• Tuesday, June 18, 2024
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Yakubu Gowon and the verdict of history


As a schoolboy in my early teens, I was asked to serve at High Table during the visit of then Head of State, General Yakubu Gowon, to our well-ensconced missionary school in the old Benue-Plateau State. He was in company of the Governor, Police Commissioner Joseph Gomwalk. Immaculately turned out in my blue and white uniform, I served them soft drinks and snacks. At some stage, they looked at me and smiled at each other. I recall them encouraging me to work hard on my studies and me nodding shyly. Such encounters would leave their mark forever on any schoolboy.

Decades later, when I reminded the General of that visit with Gomwalk in 1971, he corrected me by saying, “No, it was 1972!” Yakubu Gowon celebrated his 80th birthday on Sunday 19th October. He has the memory of an elephant. His walk may be a little less sprightly, but his charisma is undiminished.

Yakubu Dan-Yumma Gowon was born on 19th October 1934 in Garam, near Pankshin, in Plateau State. His father, Pa Yohanna Gowon, was among the early converts to Christianity among the Angas people in the Pankshin area of Plateau State. As Bishop Benjamin Kwashi tells us in his scholarly works on Christianity in the Upper Plateau, the white Anglican missionaries settled in Kabwir, in Ngas land as early as 1904. Pa Gowon trained as an evangelist with the Cambridge University Missionary Party (CUMP). He later emigrated farther north to Wusasa, Zaria, in 1936.  Although he is Angas by birth, Yakubu Gowon grew up a Hausa by acculturation. Revered for his piety and regarded as a saint, Pa Yohanna passed away in 1973, age ninety-one.

As a missionary child myself, I believe there is a light that follows missionary children wherever they go. That light has followed Gowon through the triumphs and tribulations of an illustrious life. He attended the local Anglican St. Bartholomew’s School in Wusasa before proceeding to the prestigious Government College Zaria (Barewa) during 1950—1953. He was College Captain as well as a star athlete. He had intended to study medicine, engineering or education, but his British teachers persuaded him that he had the makings of a great commander. Gowon enrolled in the army in 1954 and was commissioned 2nd Lieutenant in 1955; attending prestigious military institutions such as Sandhurst, Warminster and Camberley.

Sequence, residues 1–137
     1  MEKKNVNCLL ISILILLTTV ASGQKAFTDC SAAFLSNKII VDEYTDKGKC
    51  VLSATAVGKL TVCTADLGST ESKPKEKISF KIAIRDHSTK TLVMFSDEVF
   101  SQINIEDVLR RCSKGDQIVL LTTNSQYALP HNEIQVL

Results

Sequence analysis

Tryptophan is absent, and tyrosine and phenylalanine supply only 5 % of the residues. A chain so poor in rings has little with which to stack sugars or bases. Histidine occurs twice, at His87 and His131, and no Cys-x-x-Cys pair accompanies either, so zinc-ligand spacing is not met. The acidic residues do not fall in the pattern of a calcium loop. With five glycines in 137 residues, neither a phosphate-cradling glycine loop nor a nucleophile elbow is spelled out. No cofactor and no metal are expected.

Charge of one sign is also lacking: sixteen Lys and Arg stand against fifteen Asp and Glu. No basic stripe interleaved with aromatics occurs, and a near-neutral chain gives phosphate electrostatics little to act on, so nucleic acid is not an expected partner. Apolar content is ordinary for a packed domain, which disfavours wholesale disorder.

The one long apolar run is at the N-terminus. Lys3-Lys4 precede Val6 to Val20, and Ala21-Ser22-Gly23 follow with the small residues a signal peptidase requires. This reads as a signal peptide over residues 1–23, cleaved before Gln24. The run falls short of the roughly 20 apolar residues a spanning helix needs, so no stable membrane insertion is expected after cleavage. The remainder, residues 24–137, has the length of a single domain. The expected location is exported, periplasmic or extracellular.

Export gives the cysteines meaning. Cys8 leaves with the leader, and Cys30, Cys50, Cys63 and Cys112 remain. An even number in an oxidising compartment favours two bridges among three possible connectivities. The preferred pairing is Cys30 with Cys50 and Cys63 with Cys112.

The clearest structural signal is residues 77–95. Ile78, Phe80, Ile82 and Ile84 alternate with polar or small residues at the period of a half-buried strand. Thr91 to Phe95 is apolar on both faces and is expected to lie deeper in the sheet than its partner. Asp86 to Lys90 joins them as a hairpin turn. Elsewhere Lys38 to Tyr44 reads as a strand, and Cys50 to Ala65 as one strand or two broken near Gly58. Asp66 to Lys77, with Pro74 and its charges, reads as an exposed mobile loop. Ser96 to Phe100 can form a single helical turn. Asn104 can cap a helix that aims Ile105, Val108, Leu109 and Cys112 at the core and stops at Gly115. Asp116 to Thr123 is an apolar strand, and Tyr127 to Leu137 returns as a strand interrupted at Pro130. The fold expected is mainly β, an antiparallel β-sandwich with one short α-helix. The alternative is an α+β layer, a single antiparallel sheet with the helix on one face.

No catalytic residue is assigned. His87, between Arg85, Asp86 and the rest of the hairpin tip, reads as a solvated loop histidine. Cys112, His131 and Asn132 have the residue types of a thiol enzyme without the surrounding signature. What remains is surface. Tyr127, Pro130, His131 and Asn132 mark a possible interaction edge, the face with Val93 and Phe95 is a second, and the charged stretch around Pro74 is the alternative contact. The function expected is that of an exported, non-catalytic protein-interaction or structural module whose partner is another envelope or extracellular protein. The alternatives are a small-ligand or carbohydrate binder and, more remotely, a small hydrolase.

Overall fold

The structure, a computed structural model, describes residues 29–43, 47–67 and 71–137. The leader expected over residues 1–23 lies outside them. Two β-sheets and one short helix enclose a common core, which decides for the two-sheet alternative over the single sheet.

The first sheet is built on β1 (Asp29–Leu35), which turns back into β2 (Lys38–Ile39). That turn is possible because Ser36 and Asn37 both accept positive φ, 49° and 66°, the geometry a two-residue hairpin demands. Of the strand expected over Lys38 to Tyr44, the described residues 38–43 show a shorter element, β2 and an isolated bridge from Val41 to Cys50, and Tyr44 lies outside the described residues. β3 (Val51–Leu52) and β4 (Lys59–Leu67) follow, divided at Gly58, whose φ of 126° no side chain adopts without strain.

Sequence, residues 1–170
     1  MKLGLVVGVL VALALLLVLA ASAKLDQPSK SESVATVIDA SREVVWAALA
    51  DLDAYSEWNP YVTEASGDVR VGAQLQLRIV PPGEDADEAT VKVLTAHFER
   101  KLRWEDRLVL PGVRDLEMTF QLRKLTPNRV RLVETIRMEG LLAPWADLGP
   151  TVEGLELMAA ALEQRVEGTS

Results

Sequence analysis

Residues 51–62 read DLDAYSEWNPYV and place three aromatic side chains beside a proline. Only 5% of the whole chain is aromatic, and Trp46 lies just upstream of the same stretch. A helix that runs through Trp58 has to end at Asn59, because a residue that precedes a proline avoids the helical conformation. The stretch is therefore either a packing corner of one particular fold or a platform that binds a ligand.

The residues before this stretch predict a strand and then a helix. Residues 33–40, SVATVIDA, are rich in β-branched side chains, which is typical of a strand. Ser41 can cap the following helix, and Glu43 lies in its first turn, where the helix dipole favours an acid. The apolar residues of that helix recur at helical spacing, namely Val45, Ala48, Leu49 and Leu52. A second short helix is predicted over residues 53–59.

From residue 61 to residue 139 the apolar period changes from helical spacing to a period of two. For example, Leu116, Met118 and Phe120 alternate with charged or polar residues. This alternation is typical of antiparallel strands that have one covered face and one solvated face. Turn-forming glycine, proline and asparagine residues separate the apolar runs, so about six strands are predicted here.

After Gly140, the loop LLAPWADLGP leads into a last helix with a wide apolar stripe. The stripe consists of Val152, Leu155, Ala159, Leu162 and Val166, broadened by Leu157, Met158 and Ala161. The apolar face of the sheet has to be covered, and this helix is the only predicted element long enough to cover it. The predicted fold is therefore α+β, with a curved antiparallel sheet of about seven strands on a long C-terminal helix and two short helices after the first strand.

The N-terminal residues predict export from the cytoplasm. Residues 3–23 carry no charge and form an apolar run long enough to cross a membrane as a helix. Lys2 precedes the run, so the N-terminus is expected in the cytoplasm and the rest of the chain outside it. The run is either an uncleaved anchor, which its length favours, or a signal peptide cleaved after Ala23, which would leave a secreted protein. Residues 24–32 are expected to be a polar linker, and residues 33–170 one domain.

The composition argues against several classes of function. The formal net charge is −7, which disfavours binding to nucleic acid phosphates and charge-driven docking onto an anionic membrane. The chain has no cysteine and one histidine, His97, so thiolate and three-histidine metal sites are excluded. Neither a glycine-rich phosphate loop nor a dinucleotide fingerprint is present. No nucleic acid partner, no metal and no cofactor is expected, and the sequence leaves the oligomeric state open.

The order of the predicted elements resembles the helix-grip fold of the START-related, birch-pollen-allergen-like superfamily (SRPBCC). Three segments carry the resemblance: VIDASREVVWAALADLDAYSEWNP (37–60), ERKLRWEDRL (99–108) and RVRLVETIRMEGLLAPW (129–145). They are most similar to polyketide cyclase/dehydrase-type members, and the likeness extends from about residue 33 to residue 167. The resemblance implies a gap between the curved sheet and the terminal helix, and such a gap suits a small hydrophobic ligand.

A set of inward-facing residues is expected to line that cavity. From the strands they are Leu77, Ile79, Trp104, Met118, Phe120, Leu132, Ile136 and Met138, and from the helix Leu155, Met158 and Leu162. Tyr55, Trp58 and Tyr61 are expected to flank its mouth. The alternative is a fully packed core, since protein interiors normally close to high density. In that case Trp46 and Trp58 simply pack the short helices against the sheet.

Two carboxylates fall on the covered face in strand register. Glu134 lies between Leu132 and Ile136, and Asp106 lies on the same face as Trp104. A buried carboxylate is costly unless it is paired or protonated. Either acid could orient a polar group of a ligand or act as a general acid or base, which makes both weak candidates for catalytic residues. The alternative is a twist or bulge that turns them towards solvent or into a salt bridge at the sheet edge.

Yakubu Gowon never dreamt of becoming Head of State. His o3ne ambition was to be GOC. When the leadership of the country was offered to him in July 1966, it was after much persuasion that he accepted – with fear and trembling. He ruled Nigeria for nine eventful years; years of upheaval – years of blood and iron — to echo the poet Christopher Okigbo.

Some people have tried to tar Gowon with the brush of villainy. He has even been accused of having tacitly approved of the terrible pogrom against Ndigbo and waging a genocidal war on Biafra. Nothing could be farther from the truth. The woman he intended to marry was late Edith Ike-Okongwu, a daughter of Ndigbo, until he was advised that it would be impolitic in a time of belligerence. He later settled for the winsome Victoria Hansatu (née Zakari), a woman of beauty and grace from the beloved Wusasa of his childhood.